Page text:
Having quadrupled revenue in just two years, Okta’s red ink isn’t likely to worry many investors. Through its first three fiscal quarters (ended October 31, 2016), Okta lost $65m, up from $55m in the same period the previous fiscal year. As is often the case with SaaS providers, Okta’s losses stem primarily from heavy spending on sales and marketing. Early on, Okta was spending slightly more than $1 on sales and marketing to bring in $1 of subscription revenue. It has since slowed the spending, with the result that in its latest quarter it spent $32m on sales and marketing to bring in $38m in subscriptions. (For comparison, Box – one of the more egregious spenders – shelled out $47m on sales and marketing to generate exactly the same subscription revenue as Okta ($39m) in its most recent quarter when it originally filed to go public in 2014.)

Okta’s IPO would represent the first new $1bn valuation for an infosec vendor on the NYSE or Nasdaq since CyberArk’s offering in September 2014. Sophos went public (rather quietly) in 2015 on the London Stock Exchange, and the two domestic infosec IPOs since then (Rapid7 and SecureWorks) both currently trade underwater from their offering. In contrast to the recent infosec shutout, startups from several other IT sectors have all been able to enhance their $1bn private-market valuation on Wall Street, including Nutanix, Atlassian, Twilio and Pure Storage. That list will get a little longer as MuleSoft is set to debut at more than a $2bn market cap, up from $1.5bn in its final round as a private company.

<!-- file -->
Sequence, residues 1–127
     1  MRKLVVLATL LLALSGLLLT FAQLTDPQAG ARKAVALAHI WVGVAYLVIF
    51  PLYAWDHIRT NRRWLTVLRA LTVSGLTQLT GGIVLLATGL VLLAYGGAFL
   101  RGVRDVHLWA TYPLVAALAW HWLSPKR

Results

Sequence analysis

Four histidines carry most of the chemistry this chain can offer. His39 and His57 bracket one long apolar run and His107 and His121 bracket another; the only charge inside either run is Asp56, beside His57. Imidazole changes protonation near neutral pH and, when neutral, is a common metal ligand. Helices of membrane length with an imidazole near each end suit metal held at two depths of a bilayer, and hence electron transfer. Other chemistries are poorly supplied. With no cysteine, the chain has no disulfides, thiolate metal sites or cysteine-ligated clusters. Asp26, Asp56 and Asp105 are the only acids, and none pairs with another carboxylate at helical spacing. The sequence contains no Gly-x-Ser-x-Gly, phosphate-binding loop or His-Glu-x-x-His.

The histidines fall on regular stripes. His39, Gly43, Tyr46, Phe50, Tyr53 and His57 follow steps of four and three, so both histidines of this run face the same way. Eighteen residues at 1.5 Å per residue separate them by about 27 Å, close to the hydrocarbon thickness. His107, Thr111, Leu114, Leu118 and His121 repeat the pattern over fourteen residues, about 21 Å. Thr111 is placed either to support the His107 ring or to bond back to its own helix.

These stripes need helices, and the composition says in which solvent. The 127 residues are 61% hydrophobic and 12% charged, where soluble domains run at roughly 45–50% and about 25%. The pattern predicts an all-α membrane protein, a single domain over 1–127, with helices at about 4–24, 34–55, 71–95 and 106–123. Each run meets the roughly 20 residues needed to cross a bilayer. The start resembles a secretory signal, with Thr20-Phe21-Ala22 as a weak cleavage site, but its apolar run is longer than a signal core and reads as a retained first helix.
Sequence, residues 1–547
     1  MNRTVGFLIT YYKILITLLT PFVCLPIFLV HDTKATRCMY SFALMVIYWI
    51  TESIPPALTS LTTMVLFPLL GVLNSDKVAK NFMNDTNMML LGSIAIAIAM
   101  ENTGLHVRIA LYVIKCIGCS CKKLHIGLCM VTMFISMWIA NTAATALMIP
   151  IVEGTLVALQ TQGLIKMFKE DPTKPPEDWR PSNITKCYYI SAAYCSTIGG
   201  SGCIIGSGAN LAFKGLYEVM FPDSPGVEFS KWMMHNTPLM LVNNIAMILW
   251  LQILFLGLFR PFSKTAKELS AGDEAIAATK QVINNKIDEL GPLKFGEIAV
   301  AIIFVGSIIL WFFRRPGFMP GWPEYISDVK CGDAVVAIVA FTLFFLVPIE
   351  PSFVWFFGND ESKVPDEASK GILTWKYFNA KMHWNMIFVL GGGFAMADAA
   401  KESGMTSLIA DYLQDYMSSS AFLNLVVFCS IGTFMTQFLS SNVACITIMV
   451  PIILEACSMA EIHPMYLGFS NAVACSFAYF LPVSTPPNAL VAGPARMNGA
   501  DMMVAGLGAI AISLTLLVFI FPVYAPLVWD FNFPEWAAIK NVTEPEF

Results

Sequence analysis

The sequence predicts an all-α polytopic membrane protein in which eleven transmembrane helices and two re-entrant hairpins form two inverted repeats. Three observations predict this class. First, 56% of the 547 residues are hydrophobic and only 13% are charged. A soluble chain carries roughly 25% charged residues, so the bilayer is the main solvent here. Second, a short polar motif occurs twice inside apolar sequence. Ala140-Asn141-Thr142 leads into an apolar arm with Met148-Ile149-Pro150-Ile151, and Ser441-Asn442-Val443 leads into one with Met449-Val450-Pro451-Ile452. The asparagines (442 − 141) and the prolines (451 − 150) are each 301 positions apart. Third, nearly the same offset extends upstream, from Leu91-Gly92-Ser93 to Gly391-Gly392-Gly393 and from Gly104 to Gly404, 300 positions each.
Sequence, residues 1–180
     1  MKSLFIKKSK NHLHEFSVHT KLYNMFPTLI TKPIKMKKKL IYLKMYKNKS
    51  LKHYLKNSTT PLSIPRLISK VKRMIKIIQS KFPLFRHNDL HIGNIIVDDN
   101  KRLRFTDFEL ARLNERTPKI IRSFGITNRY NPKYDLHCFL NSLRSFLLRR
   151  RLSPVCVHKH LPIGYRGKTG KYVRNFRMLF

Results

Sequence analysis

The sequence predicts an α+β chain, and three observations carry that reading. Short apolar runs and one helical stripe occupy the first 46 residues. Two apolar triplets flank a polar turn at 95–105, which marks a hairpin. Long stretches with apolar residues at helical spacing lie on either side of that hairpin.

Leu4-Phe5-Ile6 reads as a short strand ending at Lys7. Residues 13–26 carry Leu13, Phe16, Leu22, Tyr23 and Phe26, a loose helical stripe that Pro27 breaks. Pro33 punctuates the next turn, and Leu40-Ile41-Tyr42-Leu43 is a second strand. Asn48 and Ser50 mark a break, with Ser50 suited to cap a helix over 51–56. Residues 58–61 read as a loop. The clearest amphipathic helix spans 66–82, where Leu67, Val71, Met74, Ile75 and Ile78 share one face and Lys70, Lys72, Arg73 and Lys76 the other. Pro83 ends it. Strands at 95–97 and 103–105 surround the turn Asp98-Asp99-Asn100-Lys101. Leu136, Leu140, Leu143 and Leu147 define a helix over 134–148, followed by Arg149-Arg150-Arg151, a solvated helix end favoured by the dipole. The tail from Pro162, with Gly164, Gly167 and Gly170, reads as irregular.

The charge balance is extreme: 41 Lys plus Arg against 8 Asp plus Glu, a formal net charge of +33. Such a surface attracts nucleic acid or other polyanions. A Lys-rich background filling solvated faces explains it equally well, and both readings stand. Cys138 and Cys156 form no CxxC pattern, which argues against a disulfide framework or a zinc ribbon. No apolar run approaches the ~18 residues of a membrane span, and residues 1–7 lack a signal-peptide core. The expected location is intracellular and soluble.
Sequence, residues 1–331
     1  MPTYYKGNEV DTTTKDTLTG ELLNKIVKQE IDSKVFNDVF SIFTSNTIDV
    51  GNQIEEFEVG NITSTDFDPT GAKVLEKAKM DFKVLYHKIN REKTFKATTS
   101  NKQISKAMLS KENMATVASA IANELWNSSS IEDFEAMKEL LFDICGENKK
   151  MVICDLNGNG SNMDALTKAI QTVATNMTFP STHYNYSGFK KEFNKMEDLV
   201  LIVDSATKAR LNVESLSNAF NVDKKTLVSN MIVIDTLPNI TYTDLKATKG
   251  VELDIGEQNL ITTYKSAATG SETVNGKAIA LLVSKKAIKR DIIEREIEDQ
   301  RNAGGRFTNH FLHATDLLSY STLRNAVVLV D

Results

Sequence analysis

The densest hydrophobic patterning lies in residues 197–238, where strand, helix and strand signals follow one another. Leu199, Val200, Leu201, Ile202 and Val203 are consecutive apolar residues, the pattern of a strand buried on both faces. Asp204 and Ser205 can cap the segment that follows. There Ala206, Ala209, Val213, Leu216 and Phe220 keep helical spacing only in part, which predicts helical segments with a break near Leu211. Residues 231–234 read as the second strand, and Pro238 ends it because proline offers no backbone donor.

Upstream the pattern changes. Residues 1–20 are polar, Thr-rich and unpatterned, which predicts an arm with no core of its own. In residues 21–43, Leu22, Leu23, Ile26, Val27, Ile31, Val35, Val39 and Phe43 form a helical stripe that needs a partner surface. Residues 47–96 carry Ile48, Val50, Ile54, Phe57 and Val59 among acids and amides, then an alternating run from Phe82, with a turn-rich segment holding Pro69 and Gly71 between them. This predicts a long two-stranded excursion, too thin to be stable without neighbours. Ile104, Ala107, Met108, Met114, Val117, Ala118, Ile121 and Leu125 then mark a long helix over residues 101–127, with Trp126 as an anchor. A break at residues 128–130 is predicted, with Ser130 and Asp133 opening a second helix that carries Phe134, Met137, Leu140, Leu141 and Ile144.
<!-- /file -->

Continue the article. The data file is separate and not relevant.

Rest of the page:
ServiceNow adds some smarts to the platform with DxContinuum

Contact: Brenon Daly

Continuing its M&A strategy of bolting on technology to its core platform, ServiceNow has reached for predictive software startup DxContinuum. Terms of the deal, which is expected to close later this month, weren’t announced. DxContinuum had taken in only one round of funding, and appears to have focused its products primarily on predictive analytics for sales and marketing. ServiceNow indicated that it plans to roll the technology, which it described as ‘intelligent automation,’ across its products with the goal of processing requests more efficiently.